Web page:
Crowds will gather in two forests in the United States in coming weeks to see light shows created by a rare species of firefly.
These fireflies have the ability to light up with others at the same time. The insects stay lit for 10 seconds, go dark for about a minute, then shine bright again.
“You’re standing in a dark forest and suddenly there is a brilliance of little lights everywhere,” said Tara Cornelisse. She spoke to the Reuters news agency. Cornelisse is a scientist with the Center for Biological Diversity in Portland, Oregon.
Scientists are not sure why some fireflies light up at the exact same time. But they believe that it helps attract reproductive partners during the weeks-long mating season.
Three years ago, Cornelisse traveled to the Pennsylvania Firefly Festival in the Allegheny National Forest to see the light show.
Cornelisse said of the experience, “It’s like the Milky Way flashes on and then off. You hear people gasp ‘Ohhhh!’”
Synchronous fireflies are found only in a handful of places in the United States. In addition to the Allegheny National Forest, they light up the night sky in Tennessee at the Great Smoky Mountains National Park and Oak Ridge Wildlife Management Area. Others are found in South Carolina’s Congaree National Park, and around Cajon Bonito Creek in Arizona.
This list of places comes from the website Firefly.org.
Other synchronous firefly species are found in Southeast Asia.
Starting life underground
Fireflies live for two years under Earth’s surface as larvae. They feed on worms and snails, creatures that live mainly underground, notes Sara Lewis. She wrote a book called “Silent Sparks: The Wondrous World of Fireflies.” She is a professor at Tufts University in Massachusetts.
Once the fireflies are adults, they rise up above the ground to spend a few weeks finding a partner, mating and making eggs before they die, said Lewis.
She added that researchers “know very little about why … (the fireflies) developed this behavior that makes them an eco-tourist attraction.”
Loss of fireflies
The Great Smoky Mountains National Park is making final preparations for the crowds of people coming to see its light show.
Park service officials found a way to limit the number of vehicles entering the park. They set up a lottery for the 1,800 parking spaces on the grounds. More than 28,000 people entered the competition. People from over 40 states and as far away as Taiwan won the chance to leave their car near the park’s entrance in Townsend, Tennessee.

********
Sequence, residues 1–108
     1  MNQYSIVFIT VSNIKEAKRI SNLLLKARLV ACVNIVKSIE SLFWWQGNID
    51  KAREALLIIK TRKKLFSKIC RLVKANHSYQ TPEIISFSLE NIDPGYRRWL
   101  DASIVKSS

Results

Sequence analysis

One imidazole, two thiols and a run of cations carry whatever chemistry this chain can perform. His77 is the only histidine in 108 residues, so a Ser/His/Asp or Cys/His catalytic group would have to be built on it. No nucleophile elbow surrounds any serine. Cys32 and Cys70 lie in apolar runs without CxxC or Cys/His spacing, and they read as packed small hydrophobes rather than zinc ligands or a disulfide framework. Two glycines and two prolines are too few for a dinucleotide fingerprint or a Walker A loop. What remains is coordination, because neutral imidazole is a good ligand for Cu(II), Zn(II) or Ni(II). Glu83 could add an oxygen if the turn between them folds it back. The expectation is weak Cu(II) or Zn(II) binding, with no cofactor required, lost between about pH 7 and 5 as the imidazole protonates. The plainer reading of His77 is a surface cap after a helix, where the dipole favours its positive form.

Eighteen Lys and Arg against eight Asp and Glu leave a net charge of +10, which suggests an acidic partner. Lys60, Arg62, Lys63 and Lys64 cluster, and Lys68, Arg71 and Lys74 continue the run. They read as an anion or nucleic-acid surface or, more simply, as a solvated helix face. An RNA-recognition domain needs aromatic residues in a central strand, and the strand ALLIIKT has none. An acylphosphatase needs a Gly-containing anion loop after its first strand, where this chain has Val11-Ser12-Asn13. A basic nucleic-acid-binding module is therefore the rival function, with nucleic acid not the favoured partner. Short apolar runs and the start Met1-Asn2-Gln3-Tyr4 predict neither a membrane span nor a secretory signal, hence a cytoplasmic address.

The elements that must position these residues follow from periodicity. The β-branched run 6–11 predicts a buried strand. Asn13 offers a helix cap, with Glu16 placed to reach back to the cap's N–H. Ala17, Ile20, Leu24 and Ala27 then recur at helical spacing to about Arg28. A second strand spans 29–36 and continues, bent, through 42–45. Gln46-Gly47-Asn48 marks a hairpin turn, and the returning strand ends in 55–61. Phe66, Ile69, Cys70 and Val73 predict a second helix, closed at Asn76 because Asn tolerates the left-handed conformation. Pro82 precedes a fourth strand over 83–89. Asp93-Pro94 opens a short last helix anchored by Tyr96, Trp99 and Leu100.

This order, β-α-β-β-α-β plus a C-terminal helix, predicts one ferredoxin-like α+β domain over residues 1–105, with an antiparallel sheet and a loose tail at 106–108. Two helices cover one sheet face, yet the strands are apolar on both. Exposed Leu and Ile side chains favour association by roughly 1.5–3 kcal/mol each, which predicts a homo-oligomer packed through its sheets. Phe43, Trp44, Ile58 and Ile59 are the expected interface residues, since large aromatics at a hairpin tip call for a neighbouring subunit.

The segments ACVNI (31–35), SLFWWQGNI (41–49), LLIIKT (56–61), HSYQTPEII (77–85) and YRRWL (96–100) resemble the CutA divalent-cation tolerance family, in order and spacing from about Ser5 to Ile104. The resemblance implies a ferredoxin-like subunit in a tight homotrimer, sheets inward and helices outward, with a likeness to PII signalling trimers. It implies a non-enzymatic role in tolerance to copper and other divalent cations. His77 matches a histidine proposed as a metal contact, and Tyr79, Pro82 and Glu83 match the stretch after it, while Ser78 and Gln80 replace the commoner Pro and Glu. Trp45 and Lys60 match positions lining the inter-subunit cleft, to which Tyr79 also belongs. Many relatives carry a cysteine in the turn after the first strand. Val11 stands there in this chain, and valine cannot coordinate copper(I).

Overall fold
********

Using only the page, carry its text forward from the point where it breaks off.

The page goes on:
Tickets sold out in 12 hours for a 2019 light show in the Allegheny forest on June 22, said Peggy Butler, the event’s organizer. The park is a short drive from the small town of Tionesta, home to fewer than 500 people. This year, officials are trying to limit the crowd to 800.
Organizers said many visitors who come to the firefly events are from Asia.
Butler said, “They want to see the fireflies they remember but don’t see any more in places like China and Japan, where human impact and human encroachment on the environment has led to the loss of the firefly.”
There are 2,000 different kinds of fireflies worldwide, lighting up the night sky in yellow, green or blue. In Asia, synchronous males remain in mangrove trees, timing their flashes to interest flying females.
The situation is generally the opposite in North America, where it is the males who are flying around flashing and the females are sitting on the ground, Lewis said.
The downside to firefly light shows is the likelihood that without crowd controls and limits, humans will destroy the very thing that drew them there in the first place.
“There is a danger in just the presence of those people,” Lewis said. “You could actually wipe out the population that is so attractive.”
I'm Bryan Lynn.
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Words in This Story
brilliance – adj. intense light or brightness
flash - n. a sudden burst of bright light
gasp – n. the sound made of a person breathing heavily
synchronous – adj. existing at the same time
larvae – n. the active, developing form of an insect
eco-tourist – n. people who travel for please to see wild, often threatened natural environments
impact – n. the effect or influence of one person or thing
encroachment – n. the invasion of one’s territory or rights
wipe out - v. to destroy
draw - v. to pull or act like a magnet